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950 Years after Hastings...

“A fatal day for England, a melancholy havoc for our dear country brought about by its passing under the dominion of new lords”. Since these "new lords" mentioned by William of Malmesbury were Henry the Young King's ancestors it is hard not to mention them on this memorable day when the most famous battle in English history was fought and Henry the Young King's great-great-grandfather emerged victorious from it. We are well aware that had Duke William lost there would have been no Henry the Young King, no Richard Coeur de Lion, no Geoffrey of Brittany and our blog would have never come into existence, still we cannot help it and our hearts go for those behind the shield wall on Senlac Hill and for their King. Hopefully, our Liege will forgive us this one day transgression :)
There are a few interesting articles about the battle itself and its main participants we would like to recommend. Firstly, a detailed description of what happened on 14 October 1066 icluding parts about the battlefield's location, the Norman fleet, the weapons - in short all you need to know about the events of that fateful day in 1066 and its aftermath. Secondly, a great article about the castles William had built after the battle. Thirdly, an interesting article about William the Conqueror's childhood by our friend Susan Abernethy. We are certain that our readers will be happy to learn more about this rather neglected aspect of his story and since its also partly a story of Henry the Young king's family and its beginnings...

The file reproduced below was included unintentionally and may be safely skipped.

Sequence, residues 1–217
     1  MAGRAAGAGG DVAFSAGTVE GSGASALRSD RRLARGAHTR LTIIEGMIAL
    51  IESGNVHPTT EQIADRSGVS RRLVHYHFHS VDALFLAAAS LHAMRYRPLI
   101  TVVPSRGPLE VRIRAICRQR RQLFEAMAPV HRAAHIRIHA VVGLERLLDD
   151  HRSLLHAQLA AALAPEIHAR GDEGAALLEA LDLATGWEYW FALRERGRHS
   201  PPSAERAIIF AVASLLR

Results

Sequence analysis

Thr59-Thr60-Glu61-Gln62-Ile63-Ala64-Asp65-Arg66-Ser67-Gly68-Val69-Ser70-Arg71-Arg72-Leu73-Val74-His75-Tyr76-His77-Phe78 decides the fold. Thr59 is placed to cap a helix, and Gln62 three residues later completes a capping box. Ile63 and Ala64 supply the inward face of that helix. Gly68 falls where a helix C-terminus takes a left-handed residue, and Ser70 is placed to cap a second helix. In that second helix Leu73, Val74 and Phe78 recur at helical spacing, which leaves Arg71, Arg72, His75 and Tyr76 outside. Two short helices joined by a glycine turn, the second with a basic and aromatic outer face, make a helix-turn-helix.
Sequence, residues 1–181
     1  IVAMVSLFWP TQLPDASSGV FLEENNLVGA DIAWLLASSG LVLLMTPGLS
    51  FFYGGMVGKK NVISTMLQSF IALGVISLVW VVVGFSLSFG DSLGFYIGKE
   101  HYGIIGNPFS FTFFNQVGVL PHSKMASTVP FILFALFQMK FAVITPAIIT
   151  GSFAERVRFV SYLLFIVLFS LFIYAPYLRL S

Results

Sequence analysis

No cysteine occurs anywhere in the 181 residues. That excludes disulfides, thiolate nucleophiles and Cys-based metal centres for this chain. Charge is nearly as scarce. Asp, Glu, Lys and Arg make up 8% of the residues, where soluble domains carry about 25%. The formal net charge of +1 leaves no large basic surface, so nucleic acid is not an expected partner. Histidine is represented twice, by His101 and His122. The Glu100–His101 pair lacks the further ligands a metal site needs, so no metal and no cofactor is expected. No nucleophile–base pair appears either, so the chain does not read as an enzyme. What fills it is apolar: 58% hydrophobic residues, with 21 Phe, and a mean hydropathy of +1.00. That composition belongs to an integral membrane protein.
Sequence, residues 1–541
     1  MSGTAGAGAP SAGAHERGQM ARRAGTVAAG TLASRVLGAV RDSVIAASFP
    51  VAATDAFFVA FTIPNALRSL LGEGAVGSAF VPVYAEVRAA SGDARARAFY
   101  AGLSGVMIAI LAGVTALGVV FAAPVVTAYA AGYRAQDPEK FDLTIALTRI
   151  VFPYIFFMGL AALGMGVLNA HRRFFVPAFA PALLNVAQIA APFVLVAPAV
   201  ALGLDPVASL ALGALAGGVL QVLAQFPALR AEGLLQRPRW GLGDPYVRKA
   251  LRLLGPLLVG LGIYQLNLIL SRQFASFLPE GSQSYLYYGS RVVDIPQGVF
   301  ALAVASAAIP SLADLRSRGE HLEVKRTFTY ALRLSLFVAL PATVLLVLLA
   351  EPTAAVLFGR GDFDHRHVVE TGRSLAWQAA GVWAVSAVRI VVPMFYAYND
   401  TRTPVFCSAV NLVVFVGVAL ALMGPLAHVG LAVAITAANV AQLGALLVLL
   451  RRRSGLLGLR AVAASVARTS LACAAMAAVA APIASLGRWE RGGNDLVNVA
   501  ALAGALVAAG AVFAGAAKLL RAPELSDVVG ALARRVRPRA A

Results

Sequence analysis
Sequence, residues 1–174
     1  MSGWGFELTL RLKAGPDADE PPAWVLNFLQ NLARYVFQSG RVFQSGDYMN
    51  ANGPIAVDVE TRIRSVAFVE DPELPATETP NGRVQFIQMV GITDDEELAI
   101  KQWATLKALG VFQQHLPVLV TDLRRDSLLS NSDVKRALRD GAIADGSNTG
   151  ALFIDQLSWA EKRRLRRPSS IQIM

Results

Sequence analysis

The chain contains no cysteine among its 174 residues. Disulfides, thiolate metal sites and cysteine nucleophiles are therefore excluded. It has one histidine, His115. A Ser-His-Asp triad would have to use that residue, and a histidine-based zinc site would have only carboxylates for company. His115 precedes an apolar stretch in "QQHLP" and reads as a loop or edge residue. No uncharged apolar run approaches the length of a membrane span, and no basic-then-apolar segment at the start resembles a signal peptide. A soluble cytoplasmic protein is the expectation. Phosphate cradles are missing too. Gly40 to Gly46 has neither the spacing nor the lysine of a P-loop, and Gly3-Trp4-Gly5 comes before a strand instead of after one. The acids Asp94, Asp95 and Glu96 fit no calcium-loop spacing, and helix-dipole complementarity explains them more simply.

William the Conqueror's Childhood

Young William was the illegitimate child of Duke Robert of Normandy. We know little of his life when he was a very young boy. Duke Robert died when William was seven leaving him to rely on other men to rule his duchy until he came of age. These years were fraught with peril. Perhaps these times made William the warrior he would become, strong enough to lead the conquest of England in 1066.
William was the son of Duke Robert I of Normandy and Robert’s mistress Herleva of Falaise. Robert never married. From the evidence of the chroniclers, Robert probably met Herleva around 1027 and William was born sometime between September 1028 and September 1029. Robert’s liaison with Herleva would benefit her family.... More here.

Discover more about the battle itself and its impact, find out what events English Heritage is putting on across England to commemorate 1066, and explore some of the spectacular castles and great abbeys the Normans built across the land. Check English Heritage website here.

Additionally, we would like to recommend the Anglo-Saxon novels by our friend Paula Lofting. Paula has gone to Hastings to - as she said - fight and, if needed, die for her King (Harold she meant, of course).

Comments

  1. Just been watching the re-enactment on tv. I would love to have been there! At the re-enactment obviously, not the actual battle!

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  2. Fabulous post. One of my favorite time periods.

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  3. Yes, the 950th anniversary of the battle needed a mention. At least :)

    ReplyDelete
  4. Anerje, in case of the real thing: only behind a bulletproof glass wall. Outlander just shows that time travel isn't that much fun, and I bet those sexy Normans had bad breath. ;-)

    ReplyDelete

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